Tag Archives: bedroom
Post by Alison Hein.
Sometimes it’s the simplest things in life that bring the greatest pleasure. With no more than one egg, a slice of bread, and a dab of butter, you can make a breakfast that satisfies salt, fat and carb cravings in one fell swoop. Start by dipping the crisp, butter-soaked toast center neatly into the warm, golden yolk for a perfect first bite, or save it – for the last joyful crunch.
I first learned about this wonderful dish when I was just knee-high. My mother, a big movie buff, learned to make Egg in a Nest by watching Claudette Colbert in the 1947 comedy film The Egg and I. We watched that funny film together countless times, and afterward, Mom would always make some for us. (You can see the trailer here: http://www.youtube.com/watch?v=p8z_kOuAG0w.)
You may know Egg in a Nest by another name. The list is quite long: Toad in a Hole; Egg in a Basket; One Eye; Birdie’s Nests; One-Eyed Egyptian Mummies; Rocky Mountain Squattled Eggs; Gas House Eggs; Cowboy Pancakes… who knows? Perhaps you call it something else?
Such an uncomplicated dish easily lends itself to all sorts of variations – serve it over a bed of wilted greens, or top with a slice of Canadian bacon. Melt some Swiss cheese on top of the egg near the end of cooking, or sprinkle with a dash of parmesan. Or just keep it plain ala Claudette Colbert for a simple breakfast in bed.
1 – 2 tablespoons butter
1 slice bread (I like sourdough)
Salt and pepper, to taste
Melt about 1 tablespoon of butter in a large, heavy pan over medium heat. In the meantime, cut a round hole in the center of the bread using a knife, cookie cutter or the rim of a glass. Place bread and cut-out center in pan and toast to a light golden color, about 1 minute. Flip bread and round center, adding more butter as needed. Crack egg into center of bread slice and reduce heat to medium low. Continue to cook, another 1 to 2 minutes. When egg white is almost set, cover the pan with a tight-fitting lid to finish, about 1 minute longer. If you prefer, you may choose to carefully flip the bread / egg combo for an over-easy egg. Season with salt and pepper and serve immediately.
Makes 1 serving.
Post by Kyle St. Romain.
Choosing the right pillow can be a timely and expensive endeavor, roiled with many restless nights’ sleep. That is, until you find the right one. I personally have a closet of pillows that don’t quite work for me; a constant reminder of the work I’ve done (and money I’ve spent) in pursuit of bedtime nirvana.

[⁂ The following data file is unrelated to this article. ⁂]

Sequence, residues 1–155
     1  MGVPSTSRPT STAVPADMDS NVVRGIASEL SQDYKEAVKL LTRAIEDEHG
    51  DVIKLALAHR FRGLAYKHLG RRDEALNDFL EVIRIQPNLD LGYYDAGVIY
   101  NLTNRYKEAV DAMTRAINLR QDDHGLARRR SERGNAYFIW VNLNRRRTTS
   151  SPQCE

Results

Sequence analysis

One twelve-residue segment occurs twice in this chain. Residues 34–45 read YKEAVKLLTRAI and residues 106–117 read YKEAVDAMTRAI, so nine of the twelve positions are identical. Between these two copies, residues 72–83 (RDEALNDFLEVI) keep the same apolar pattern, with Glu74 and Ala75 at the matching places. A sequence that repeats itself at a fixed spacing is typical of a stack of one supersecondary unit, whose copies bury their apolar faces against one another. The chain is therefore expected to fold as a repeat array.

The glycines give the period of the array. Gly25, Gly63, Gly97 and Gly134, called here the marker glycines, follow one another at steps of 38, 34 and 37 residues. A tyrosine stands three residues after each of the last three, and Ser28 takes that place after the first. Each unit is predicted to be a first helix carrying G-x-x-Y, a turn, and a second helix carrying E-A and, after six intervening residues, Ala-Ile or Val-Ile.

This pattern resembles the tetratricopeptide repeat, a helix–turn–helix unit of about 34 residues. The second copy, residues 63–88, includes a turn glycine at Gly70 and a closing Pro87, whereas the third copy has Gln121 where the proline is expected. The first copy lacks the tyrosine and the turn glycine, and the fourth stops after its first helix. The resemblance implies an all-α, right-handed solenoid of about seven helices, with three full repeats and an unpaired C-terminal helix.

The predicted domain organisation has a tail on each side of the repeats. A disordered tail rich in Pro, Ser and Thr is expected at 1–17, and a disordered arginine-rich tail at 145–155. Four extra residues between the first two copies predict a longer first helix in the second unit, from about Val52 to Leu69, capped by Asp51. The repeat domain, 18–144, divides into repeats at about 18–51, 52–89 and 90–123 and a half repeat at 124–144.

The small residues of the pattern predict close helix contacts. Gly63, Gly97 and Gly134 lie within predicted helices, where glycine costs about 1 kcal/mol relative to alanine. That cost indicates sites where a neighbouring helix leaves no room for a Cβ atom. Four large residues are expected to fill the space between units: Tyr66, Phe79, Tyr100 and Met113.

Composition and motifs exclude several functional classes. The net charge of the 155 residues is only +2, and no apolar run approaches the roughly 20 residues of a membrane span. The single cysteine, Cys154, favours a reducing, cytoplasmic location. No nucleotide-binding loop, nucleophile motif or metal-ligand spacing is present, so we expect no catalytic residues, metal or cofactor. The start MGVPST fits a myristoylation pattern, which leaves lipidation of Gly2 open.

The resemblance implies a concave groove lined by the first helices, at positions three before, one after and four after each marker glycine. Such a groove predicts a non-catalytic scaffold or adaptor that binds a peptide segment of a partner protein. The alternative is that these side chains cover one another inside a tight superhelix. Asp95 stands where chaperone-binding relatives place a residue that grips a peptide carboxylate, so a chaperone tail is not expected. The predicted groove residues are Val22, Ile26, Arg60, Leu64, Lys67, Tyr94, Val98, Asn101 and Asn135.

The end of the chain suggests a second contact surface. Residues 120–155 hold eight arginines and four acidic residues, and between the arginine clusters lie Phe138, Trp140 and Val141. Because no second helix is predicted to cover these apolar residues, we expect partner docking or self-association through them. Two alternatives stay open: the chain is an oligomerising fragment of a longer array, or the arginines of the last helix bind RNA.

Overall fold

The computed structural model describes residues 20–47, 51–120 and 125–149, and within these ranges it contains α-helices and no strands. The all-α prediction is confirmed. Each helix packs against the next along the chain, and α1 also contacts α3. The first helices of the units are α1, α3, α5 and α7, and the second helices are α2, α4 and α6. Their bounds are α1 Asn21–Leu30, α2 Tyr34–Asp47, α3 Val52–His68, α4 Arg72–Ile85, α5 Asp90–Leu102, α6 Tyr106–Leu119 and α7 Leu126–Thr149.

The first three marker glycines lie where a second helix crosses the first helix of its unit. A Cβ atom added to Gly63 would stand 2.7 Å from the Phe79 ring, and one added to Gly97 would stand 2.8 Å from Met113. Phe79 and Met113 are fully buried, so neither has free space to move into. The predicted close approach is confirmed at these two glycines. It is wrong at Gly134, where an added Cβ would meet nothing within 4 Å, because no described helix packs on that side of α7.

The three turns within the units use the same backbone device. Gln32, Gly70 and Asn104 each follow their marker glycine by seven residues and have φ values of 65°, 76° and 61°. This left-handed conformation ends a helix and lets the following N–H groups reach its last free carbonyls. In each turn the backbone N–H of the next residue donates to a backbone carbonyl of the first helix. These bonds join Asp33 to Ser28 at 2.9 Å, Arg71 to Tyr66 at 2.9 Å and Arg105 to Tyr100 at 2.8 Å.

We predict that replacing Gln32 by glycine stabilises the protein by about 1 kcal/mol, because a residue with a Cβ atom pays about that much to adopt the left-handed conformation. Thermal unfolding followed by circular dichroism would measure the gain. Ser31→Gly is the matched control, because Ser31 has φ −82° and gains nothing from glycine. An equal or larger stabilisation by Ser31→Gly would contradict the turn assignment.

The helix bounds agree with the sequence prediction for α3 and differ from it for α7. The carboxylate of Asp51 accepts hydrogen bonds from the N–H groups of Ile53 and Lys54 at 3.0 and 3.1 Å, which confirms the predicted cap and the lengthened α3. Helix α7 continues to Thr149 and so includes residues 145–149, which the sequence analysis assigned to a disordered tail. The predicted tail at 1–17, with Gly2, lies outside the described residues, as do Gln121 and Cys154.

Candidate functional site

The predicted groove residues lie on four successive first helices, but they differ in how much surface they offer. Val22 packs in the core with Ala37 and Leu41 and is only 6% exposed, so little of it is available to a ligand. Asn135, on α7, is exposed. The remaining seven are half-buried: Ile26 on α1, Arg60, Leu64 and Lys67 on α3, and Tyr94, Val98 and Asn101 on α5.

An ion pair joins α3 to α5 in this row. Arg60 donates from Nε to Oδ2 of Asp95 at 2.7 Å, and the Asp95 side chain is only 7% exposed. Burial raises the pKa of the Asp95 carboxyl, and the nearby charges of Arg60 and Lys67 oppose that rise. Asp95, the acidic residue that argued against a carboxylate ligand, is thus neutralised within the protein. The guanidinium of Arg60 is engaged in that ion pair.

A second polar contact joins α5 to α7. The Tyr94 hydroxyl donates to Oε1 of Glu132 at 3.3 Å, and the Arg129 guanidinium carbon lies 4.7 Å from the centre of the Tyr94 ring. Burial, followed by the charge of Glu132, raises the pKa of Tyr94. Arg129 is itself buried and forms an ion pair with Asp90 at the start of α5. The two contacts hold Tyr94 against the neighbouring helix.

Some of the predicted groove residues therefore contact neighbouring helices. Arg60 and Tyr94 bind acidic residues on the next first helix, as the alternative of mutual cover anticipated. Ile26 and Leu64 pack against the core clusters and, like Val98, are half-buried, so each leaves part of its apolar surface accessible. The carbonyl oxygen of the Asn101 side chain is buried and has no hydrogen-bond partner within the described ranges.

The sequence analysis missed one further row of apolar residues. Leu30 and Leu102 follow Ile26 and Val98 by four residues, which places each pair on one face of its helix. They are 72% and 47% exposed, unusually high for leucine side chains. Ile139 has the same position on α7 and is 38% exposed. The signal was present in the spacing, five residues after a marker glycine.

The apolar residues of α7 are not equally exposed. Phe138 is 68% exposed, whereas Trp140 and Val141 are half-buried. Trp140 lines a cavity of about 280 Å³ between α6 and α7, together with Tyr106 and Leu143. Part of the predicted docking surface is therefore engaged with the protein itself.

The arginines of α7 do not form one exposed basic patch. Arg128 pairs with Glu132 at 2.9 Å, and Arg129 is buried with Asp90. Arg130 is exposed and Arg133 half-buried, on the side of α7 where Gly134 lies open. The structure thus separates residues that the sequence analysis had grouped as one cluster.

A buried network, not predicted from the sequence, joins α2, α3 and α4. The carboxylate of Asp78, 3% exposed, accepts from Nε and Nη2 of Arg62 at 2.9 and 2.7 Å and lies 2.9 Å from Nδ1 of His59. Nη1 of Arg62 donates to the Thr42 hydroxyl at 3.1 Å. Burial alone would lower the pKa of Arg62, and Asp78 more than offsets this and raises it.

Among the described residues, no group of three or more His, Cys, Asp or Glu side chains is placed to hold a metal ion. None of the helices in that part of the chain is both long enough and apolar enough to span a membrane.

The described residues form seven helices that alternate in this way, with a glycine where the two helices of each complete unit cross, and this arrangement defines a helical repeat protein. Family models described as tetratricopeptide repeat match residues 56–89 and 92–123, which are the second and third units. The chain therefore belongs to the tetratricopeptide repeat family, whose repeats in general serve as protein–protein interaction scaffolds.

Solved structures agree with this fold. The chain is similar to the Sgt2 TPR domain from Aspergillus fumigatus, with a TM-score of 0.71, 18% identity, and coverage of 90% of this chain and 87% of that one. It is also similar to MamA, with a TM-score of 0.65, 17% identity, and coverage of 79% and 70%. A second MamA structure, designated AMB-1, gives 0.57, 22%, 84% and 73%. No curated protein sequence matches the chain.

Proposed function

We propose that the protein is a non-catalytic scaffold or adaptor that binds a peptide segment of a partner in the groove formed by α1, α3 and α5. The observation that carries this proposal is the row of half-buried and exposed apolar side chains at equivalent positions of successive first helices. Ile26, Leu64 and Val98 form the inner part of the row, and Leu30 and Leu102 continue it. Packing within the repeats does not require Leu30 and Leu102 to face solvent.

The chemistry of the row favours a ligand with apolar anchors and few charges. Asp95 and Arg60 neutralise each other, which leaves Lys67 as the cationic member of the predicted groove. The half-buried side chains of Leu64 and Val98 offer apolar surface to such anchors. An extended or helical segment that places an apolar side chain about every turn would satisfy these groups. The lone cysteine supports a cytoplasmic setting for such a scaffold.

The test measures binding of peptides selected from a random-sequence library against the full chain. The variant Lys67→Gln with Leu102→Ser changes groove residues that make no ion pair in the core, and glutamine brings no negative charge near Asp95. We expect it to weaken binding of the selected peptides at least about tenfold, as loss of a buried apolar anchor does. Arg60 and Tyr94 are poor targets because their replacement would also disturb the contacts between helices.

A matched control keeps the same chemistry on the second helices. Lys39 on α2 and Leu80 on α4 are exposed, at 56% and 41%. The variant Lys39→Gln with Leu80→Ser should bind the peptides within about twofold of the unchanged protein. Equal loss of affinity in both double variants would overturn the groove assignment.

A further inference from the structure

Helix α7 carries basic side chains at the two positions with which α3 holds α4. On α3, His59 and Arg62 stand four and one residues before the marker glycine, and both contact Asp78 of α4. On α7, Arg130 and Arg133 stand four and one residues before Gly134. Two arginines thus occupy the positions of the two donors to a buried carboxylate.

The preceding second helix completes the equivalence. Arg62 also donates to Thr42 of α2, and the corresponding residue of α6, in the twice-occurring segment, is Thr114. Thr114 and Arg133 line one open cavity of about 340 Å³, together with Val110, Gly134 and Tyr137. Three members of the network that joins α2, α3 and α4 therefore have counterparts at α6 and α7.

To help expedite your search for the best pillow, I’ve gone over some of the basics of choosing the right pillow in a previous post right here on the Charles P Rogers blog. That post details some of the basics of pillow construction, and the general types of pillows that are best suited to your sleep style. Once armed with that knowledge, the only thing left is to go to test out a bunch of different pillows in person. This can be a tiresome task, especially if your current pillow hasn’t been giving you the best night’s sleep. However, there may be a shortcut to your pillow hunt if you find yourself staying at New York City’s Benjamin Hotel.
A quick review of their website, and you’ll find that The Benjamin holds sleep paramount. So much that they offer a sleep guarantee, which promises, “you’ll sleep just as well at The Benjamin as you do at home, or we’ll give you a free night’s stay.” This is a pretty bold statement for a hotel in the middle of the city that never sleeps, though you may discover that you’ll sleep better at The Benjamin than you ever have at home thanks to their robust sleep program.
The sleep guarantee, however, is merely a backstop to The Benjamin’s full sleep program. At the forefront is the pillow menu: a selection of 12 pillows ranging from a 5-foot body cushion, to buckwheat and hypoallergenic pillows, all the way to water-filled pillows. I’ve never tried a water pillow before, but am intrigued by the idea. You can view the complete pillow menu here.
And if you’re having trouble making a selection from the pillow menu, there is even a dedicated sleep concierge to help. The sleep concierge will assess your sleep habits, recommend one of the pillows from the menu, and even send up bedtime snacks or schedule you for specific spa services that can help you achieve the best night’s rest you’ve ever had. Wow!
In any case, I think the idea of a pillow menu is a pretty cool, especially if you have yet to find the perfect bridge between your head and the mattress. Throw in snacks and customized sleep programs, and you’ve got all the ingredients for a great night’s sleep. I also wonder if there are companies that provide personalized sleep assessments in your home – a sleep consultant? I know I’d be game to give them a try, especially if the service came with a guarantee!
Post by Kyle St. Romain.
This week I’ll introduce you to a sleep tip that many of you are probably aware of, but do not practice: keeping the phone (and other electronics) away from the bed.
I often think, as do a lot of people I meet, that sleeping with the cell phone, tablet, or other electronic device by the bed is bad for sleep. Why? Because, with your phone at an arm’s length away, we are constantly tempted to check our email or read an excessive amount of news before bed—electronics enable the insomniac in all of us. To help reduce the negative consequences of sleeping in an ever-connected, 24/7 world, I’ve put together three steps to help you get the good night’s sleep you’ve been craving.
Step One: Turn The Screen Off